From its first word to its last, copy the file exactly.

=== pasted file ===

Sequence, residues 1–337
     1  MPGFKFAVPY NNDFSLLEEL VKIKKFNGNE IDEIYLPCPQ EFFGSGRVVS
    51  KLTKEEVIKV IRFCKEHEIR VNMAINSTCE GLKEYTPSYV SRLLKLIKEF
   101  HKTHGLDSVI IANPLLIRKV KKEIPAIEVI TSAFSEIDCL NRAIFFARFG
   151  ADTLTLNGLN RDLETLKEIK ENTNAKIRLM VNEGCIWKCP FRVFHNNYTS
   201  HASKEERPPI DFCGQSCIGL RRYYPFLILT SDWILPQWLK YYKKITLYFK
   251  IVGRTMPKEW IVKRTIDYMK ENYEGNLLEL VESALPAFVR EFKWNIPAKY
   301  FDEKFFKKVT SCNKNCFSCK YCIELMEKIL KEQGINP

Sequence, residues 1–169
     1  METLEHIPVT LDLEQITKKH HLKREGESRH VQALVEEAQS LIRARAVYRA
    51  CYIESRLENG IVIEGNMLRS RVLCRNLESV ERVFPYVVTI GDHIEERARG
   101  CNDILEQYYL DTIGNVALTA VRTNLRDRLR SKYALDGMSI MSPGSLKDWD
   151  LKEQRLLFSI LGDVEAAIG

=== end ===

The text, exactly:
Sequence, residues 1–337
     1  MPGFKFAVPY NNDFSLLEEL VKIKKFNGNE IDEIYLPCPQ EFFGSGRVVS
    51  KLTKEEVIKV IRFCKEHEIR VNMAINSTCE GLKEYTPSYV SRLLKLIKEF
   101  HKTHGLDSVI IANPLLIRKV KKEIPAIEVI TSAFSEIDCL NRAIFFARFG
   151  ADTLTLNGLN RDLETLKEIK ENTNAKIRLM VNEGCIWKCP FRVFHNNYTS
   201  HASKEERPPI DFCGQSCIGL RRYYPFLILT SDWILPQWLK YYKKITLYFK
   251  IVGRTMPKEW IVKRTIDYMK ENYEGNLLEL VESALPAFVR EFKWNIPAKY
   301  FDEKFFKKVT SCNKNCFSCK YCIELMEKIL KEQGINP

Sequence, residues 1–169
     1  METLEHIPVT LDLEQITKKH HLKREGESRH VQALVEEAQS LIRARAVYRA
    51  CYIESRLENG IVIEGNMLRS RVLCRNLESV ERVFPYVVTI GDHIEERARG
   101  CNDILEQYYL DTIGNVALTA VRTNLRDRLR SKYALDGMSI MSPGSLKDWD
   151  LKEQRLLFSI LGDVEAAIG